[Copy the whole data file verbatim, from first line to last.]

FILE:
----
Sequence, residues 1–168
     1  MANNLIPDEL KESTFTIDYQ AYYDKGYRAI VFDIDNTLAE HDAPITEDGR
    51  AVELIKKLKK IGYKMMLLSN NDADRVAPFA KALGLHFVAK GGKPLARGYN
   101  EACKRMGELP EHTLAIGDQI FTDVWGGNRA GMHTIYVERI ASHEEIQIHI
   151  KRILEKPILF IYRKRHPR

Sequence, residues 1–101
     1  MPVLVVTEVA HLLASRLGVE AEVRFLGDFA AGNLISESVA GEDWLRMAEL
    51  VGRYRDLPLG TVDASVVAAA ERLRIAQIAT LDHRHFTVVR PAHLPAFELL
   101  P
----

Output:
Sequence, residues 1–168
     1  MANNLIPDEL KESTFTIDYQ AYYDKGYRAI VFDIDNTLAE HDAPITEDGR
    51  AVELIKKLKK IGYKMMLLSN NDADRVAPFA KALGLHFVAK GGKPLARGYN
   101  EACKRMGELP EHTLAIGDQI FTDVWGGNRA GMHTIYVERI ASHEEIQIHI
   151  KRILEKPILF IYRKRHPR

Sequence, residues 1–101
     1  MPVLVVTEVA HLLASRLGVE AEVRFLGDFA AGNLISESVA GEDWLRMAEL
    51  VGRYRDLPLG TVDASVVAAA ERLRIAQIAT LDHRHFTVVR PAHLPAFELL
   101  P